The choice made here is to mark packets that will not enter the tunnel with the help of WireGuard (an other working solution, using iptables instead of WireGuard to mark packets, could do the opposite and mark the packets entering the tunnel).

Instructions

Configuration example:

# ip -4 -br addr show dev ens160
ens160@if7       UP             172.29.248.132/25 
# ip route
default via 10.0.3.1 dev eth0 
10.0.3.0/24 dev eth0 proto kernel scope link src 10.0.3.147 
172.29.244.0/25 via 172.29.248.129 dev ens160 
172.29.248.128/25 dev ens160 proto kernel scope link src 172.29.248.132 

# wg show wg0
interface: wg0
  public key: 7FsVTBuIDNQsWj9flHWwMt+kCaE8urEE9bCwcvz6CBM=
  private key: (hidden)
  listening port: 51820

peer: +NJdQr+piwid1iuC58rbnXFgGo/vZ9d8Gs3xvl3/TxI=
  endpoint: 172.29.248.134:51820
  allowed ips: (none)
  transfer: 14.74 KiB received, 34.35 KiB sent

peer: KrZWEupjHGoHTywwWhg4XXQSyFl/disav7/pyhOK/1Q=
  endpoint: 172.29.244.20:51820
  allowed ips: (none)
  transfer: 11.06 KiB received, 15.65 KiB sent

Since in the end everything can go through the tunnel reusing the same IPs, the network 192.168.2.0/24 is not used anymore. Since no routing rule will reference those IPs, they can even be removed: wg0 will have zero IP on it (it's still ok to keep them if wished):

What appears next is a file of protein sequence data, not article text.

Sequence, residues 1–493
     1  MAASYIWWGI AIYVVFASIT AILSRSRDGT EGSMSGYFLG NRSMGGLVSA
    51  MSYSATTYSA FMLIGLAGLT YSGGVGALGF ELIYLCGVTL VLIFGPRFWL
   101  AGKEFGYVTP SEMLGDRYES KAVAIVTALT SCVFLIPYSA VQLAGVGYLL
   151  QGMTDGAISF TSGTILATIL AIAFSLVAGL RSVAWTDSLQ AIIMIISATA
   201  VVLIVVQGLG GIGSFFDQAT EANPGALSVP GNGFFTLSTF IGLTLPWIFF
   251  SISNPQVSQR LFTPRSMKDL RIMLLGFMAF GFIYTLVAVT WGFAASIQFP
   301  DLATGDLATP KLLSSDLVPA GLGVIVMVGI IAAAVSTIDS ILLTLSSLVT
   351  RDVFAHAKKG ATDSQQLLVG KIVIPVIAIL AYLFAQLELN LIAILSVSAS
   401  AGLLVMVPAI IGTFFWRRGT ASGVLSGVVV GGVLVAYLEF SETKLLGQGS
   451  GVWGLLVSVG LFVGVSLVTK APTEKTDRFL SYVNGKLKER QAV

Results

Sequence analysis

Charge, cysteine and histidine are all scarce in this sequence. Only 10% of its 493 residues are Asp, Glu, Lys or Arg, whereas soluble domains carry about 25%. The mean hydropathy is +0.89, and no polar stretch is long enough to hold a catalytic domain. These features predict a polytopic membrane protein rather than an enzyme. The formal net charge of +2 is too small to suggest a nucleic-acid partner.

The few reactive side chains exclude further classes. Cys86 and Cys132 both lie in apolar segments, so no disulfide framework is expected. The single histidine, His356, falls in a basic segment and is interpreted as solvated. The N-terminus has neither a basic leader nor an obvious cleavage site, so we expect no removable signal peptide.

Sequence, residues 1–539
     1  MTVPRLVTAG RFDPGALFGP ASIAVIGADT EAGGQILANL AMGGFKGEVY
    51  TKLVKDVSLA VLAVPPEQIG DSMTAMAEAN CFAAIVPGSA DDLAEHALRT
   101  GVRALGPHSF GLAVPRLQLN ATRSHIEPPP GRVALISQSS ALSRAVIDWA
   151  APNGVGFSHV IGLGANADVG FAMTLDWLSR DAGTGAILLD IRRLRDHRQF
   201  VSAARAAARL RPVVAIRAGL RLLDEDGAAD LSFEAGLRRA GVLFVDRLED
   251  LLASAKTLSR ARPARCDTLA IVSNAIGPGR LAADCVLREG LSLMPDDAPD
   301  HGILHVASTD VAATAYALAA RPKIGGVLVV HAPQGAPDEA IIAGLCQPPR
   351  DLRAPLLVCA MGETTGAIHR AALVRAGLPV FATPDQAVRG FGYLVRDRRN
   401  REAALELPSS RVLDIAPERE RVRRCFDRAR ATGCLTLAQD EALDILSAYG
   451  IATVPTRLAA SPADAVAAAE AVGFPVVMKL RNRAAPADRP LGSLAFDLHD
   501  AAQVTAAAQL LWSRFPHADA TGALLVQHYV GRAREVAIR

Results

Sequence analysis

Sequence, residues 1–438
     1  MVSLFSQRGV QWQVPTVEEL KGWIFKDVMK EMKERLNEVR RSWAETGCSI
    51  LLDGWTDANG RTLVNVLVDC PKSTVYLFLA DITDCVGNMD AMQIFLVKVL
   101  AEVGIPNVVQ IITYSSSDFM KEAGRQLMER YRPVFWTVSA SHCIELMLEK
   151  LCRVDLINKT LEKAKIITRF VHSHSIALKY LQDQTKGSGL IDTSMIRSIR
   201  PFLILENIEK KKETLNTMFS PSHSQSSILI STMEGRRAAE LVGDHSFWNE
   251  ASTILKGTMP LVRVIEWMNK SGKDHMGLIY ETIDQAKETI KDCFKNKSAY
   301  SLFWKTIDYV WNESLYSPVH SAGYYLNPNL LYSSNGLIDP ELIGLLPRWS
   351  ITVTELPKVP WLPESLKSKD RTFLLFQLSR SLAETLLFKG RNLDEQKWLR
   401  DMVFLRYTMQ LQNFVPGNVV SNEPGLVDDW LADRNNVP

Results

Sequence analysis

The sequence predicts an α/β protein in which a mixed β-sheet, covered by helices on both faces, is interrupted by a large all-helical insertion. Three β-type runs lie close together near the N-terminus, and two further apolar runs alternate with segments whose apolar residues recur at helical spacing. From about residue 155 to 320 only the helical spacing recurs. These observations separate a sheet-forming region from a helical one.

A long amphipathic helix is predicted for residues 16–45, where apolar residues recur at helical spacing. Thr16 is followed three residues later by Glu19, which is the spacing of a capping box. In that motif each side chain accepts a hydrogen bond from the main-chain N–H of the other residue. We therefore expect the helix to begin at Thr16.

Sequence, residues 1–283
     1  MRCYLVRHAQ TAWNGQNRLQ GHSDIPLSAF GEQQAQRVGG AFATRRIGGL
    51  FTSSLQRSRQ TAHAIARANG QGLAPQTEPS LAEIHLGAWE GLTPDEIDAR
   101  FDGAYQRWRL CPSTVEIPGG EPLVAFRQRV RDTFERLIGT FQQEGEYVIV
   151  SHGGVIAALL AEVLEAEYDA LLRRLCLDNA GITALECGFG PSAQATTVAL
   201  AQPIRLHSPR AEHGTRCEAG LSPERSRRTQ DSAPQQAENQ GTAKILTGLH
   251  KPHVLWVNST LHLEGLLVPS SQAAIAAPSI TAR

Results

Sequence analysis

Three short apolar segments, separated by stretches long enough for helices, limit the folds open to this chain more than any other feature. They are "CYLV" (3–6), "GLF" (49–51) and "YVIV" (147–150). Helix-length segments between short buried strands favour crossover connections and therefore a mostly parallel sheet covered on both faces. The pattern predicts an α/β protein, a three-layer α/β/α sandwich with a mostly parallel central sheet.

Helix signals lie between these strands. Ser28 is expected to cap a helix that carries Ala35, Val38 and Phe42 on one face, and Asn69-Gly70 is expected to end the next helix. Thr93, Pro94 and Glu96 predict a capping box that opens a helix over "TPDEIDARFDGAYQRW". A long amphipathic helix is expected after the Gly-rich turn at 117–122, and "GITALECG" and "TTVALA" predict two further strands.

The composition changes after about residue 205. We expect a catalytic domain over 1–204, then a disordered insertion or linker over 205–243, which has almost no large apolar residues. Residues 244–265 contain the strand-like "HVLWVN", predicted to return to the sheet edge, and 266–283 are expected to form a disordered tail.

# ip addr flush dev wg0

Configure wg0 to mark envelope packets with some arbitrarily chosen value (here 9):

# wg set wg0 fwmark 9

Configure every WireGuard host to accept the endpoint's IP in the tunnel, that's the goal:

# wg show wg0|awk 'BEGIN { RS="\n\n" } /^peer/ { printf "wg set wg0 peer %s allowed-ips %s\n",$2,$4 }'|cut -d: -f1 | sh

Which now gives:

# wg show wg0
interface: wg0
  public key: 7FsVTBuIDNQsWj9flHWwMt+kCaE8urEE9bCwcvz6CBM=
  private key: (hidden)
  listening port: 51820
  fwmark: 0x9

peer: +NJdQr+piwid1iuC58rbnXFgGo/vZ9d8Gs3xvl3/TxI=
  endpoint: 172.29.248.134:51820
  allowed ips: 172.29.248.134/32
  transfer: 14.74 KiB received, 34.35 KiB sent

peer: KrZWEupjHGoHTywwWhg4XXQSyFl/disav7/pyhOK/1Q=